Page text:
These donations “in kind” have been especially welcome at the school where I am Headmaster, Don Bosco Technical School Fatumaca, as they have help us reduce costs and improve the quality of our teaching.
Our school has four sections: Carpentry, Electrical, Machine Tools and Electronics; we also teach basic academic subjects. There are 270 students, aged 16 – 22, and they board at the school. Our fees have always been very modest – US$5 per month. However, it is no simple matter to:
· Feed 270 students three meals a day;
· Purchase fuel to run the generators daily;
· Get the materials required for our Workshops;
· Maintain and repair equipment in the Workshops; and
· Cover other expenses associated with the day to day running of the school.
I know that Don Bosco Fatumaca makes a reasonable contribution by helping provide Timor-Leste with people skilled in the building, metal, electrical and motor trades.
The students who complete the courses at Fatumaca secure jobs – some as motor mechanics, carpenters and electricians though there is still not much happening in the local building industry. Many, however, are working in their villages, and some have set up repair shops. A good number are teachers, and others are working in Dili: at the airport, in radio communications, publications, etc.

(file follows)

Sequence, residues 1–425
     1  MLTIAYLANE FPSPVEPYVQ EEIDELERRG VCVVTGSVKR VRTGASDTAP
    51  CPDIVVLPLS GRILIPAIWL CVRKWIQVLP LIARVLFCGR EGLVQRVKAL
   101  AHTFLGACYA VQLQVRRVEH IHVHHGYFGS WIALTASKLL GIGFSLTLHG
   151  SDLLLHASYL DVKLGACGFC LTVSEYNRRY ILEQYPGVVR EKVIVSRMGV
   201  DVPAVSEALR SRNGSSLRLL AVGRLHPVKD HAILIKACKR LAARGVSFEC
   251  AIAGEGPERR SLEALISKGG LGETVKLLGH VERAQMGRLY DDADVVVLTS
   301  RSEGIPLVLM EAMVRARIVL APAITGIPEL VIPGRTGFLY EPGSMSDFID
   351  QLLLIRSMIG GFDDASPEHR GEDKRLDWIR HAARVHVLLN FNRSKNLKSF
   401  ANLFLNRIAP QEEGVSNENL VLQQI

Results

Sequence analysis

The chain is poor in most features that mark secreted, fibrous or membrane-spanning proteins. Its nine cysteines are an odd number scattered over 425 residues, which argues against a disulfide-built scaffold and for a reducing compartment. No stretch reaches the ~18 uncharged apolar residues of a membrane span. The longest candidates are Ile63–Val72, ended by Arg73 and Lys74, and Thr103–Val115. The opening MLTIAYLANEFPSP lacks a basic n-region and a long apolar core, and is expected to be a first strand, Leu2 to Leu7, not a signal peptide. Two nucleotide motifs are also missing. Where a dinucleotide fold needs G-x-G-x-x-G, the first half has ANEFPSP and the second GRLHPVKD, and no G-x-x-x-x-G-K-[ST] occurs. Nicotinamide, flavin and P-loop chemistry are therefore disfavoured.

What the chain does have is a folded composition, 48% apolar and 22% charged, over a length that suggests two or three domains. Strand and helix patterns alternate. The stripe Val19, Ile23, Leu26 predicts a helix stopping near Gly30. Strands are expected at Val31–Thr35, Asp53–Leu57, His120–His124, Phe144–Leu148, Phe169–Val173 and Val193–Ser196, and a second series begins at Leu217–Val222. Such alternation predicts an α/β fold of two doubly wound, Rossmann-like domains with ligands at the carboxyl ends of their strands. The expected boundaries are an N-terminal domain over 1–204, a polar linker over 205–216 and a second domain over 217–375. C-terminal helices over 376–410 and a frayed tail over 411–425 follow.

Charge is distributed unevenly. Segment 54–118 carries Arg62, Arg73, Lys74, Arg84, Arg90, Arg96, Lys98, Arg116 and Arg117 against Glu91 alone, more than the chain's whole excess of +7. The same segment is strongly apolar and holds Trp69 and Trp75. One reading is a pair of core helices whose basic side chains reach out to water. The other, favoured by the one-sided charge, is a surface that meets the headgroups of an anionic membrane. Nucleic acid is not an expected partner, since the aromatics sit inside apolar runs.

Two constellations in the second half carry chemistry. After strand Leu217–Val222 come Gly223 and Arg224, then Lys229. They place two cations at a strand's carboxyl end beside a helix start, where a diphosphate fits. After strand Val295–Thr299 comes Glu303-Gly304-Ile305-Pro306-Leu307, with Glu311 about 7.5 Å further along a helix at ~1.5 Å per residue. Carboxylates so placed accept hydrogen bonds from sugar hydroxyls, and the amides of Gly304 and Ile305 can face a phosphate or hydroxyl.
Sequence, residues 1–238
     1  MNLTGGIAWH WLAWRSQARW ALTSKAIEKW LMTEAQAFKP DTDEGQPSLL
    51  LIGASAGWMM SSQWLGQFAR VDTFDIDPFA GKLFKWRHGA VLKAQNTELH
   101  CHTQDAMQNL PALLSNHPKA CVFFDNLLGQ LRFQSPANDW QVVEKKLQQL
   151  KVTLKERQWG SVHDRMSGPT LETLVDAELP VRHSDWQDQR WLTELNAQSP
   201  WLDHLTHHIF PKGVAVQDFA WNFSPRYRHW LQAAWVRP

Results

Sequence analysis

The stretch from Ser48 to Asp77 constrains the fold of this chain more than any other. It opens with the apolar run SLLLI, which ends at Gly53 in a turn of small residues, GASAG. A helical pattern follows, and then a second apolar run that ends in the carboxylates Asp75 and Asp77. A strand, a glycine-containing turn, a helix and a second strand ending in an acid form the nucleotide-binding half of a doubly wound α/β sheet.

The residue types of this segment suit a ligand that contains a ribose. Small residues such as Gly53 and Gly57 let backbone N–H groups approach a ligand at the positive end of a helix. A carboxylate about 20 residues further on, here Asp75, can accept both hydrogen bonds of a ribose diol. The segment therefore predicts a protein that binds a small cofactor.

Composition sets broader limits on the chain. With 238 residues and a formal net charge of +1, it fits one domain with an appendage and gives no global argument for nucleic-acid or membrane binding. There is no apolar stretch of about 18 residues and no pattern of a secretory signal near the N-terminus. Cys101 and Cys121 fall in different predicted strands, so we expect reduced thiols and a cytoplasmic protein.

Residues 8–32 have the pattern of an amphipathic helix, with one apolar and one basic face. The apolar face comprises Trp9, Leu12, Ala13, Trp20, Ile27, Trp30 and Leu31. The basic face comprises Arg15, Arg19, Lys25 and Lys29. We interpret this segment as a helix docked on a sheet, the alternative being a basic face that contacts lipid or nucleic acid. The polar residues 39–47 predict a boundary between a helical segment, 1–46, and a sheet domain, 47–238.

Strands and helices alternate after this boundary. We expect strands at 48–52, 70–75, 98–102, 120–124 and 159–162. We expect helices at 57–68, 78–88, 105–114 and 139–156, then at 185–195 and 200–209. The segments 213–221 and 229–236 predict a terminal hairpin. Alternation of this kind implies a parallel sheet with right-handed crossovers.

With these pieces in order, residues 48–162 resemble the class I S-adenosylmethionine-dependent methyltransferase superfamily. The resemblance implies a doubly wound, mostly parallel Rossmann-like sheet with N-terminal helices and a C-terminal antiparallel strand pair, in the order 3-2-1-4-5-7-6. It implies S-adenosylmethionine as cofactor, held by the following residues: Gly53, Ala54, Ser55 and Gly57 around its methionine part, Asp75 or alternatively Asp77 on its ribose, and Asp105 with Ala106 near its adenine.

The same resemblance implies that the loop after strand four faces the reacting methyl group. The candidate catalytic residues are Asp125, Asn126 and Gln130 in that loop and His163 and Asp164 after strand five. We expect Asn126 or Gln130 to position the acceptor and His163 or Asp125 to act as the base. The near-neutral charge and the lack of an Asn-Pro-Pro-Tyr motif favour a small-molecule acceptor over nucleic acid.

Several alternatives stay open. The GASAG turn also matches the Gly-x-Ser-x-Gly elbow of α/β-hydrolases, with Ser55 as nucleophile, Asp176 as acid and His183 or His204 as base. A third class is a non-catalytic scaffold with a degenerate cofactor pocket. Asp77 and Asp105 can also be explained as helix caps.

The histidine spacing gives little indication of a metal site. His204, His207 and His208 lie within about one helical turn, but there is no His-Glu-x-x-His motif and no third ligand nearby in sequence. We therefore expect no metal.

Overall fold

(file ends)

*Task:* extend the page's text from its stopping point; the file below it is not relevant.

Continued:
Australian Salesian Missions support has also included assisting several small self-help income generating ventures and as helping with the logistics of the Dairy Project at Don Bosco Agricultural School, Fuiloro established by Kiwanis International [Australia District].
I will be involved in a National Education Conference in Dili during April 7 – 11, 2003. The aim of the conference is to basically to work towards an overall educational strategy for the nation and to develop guidelines for a Timorese School curriculum. There will be about 300 participants from all the education sectors.
The conference will look different challenges facing Timor-Leste including the complementary roles of academic and technical & vocational education.
I think the conference will have far reaching implications for education at all levels and the rebuilding of the nation. However I don’t expect any quick and easy solutions to our problems.
As I said above, we are indeed fortunate to have support from Australia. Considerable help has been provided to our schools over the past three years, without which I don’t know where we would be today.
While it is our aim to be self-reliant, I know we will need further support from outside for some little while yet. And I hope our friends will continue to assist us via the Salesian Missions Office
Finally I express my hope that Australians will continue to be patient and understanding of the needs of their new neighbour, Timor-Leste. Our nation is still in its infancy …I have no doubt we need help from our friends from the Land Down Under !
Donations to support Salesian work in Timor Leste [East Timor] can be send to;
Salesian Missions Office, PO Box 80, OAKLEIGH Vic 3166.
Donations are tax deductible.
May God bless you.
Br Marcal Lopes
Comments? Email Michael Darby
Tuesday, March 11, 2003
Protectionist stupidity: Davidson demolished